Bounce For Joy Project brings 'joy' to Chicago

CHICAGO (WLS) -- As a mother, Ronda Howard knows how important it is for kids to have something to do after school.

"I was really volunteering in the schools and I saw and noticed that children were very angry and I wanted to come up with a program to help children have fun and release that anger," Howard said.

So she created the Bounce For Joy Project with Dr. Dakeda Horton, a former social worker at the Cook County Juvenile Detention Center. The project is focused on teaching kids how to handle negative emotions, like anger.

"It's an issue, it's a problem and we have to do better with helping our kids to build their toolbox on how to deal with these kind of issues," Horton said.

The program lasts for six weeks and is taught on-site in schools, summer camps, churches and community centers. Each week, students learn different ways to cope with their emotions through a variety of exercises.

"The first step we learned was that you got to know how you're feeling, the second is that you might explode, the third one is consequences," student K'Juan Williams said.

The three steps help the kids think more carefully about how they want to respond to the challenges they face. Once they figure out how they're feeling, it's up to them to decide how to respond.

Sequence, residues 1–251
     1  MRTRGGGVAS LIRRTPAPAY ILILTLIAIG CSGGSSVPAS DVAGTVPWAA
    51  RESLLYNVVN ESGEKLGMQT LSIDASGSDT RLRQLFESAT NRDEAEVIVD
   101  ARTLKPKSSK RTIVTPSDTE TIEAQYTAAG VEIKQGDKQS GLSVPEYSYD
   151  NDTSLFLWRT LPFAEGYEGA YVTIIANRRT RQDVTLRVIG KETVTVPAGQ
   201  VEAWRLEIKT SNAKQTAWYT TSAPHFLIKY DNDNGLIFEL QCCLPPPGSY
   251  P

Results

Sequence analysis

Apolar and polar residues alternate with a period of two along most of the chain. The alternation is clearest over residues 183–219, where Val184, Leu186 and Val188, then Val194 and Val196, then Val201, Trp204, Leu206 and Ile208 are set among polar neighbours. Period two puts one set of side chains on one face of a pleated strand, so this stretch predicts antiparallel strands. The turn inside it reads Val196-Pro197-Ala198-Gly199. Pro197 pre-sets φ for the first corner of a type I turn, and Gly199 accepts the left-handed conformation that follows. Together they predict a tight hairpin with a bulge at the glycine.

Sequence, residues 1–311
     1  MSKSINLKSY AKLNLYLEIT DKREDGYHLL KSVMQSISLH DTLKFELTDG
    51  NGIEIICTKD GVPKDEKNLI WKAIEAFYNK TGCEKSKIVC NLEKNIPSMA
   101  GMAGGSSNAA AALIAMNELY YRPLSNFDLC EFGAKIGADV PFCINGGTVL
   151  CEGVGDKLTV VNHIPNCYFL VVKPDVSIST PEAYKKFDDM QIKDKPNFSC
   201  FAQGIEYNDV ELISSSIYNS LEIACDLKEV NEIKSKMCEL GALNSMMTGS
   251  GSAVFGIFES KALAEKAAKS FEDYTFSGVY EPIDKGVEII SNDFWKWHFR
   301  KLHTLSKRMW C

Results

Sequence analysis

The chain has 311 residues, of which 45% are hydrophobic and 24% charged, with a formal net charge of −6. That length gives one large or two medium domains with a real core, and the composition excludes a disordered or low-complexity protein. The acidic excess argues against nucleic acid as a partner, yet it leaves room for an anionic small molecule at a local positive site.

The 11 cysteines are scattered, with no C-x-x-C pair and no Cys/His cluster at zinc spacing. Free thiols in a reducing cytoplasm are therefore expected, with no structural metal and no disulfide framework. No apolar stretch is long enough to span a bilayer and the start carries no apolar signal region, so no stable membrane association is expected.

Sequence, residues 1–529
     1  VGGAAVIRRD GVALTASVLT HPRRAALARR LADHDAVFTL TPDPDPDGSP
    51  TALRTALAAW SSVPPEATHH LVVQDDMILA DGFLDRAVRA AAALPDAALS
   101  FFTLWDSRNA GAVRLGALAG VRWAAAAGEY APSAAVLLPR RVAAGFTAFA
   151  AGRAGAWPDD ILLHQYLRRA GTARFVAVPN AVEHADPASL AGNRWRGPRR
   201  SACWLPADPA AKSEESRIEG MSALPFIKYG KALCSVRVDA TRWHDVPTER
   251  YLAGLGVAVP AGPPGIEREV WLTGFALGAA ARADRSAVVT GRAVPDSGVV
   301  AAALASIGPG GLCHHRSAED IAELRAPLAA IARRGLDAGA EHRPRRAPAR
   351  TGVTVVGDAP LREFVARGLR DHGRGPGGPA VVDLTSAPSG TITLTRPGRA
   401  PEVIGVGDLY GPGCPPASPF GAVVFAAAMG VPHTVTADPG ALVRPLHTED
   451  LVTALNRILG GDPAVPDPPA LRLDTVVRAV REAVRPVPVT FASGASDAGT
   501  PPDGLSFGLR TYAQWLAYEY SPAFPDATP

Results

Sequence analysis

"You don't want to like burst out or say something that you don't really mean," Kemeriell Hunter said. "That happens to a lot of people, they say 'I hate you' or something like that, and hate is a strong word."

Students also learn about their civil rights and how to channel their feelings into something productive like art, fitness and STEM activities. The project's goal is to help keep kids off the streets while they're not in school and to create a mindset that could prevent kids from going to jail.

"Normalize the behavior and letting them know that it's okay to be angry, it's a normal emotion. But it's what we do with that that can sometimes get us in trouble," Horton said. "Just getting them to understand that there are options, alternatives to fighting, shooting and killing."

The Bounce For Joy Project is only available in communities on the South Side of Chicago, but is hoping to expand its reach soon.
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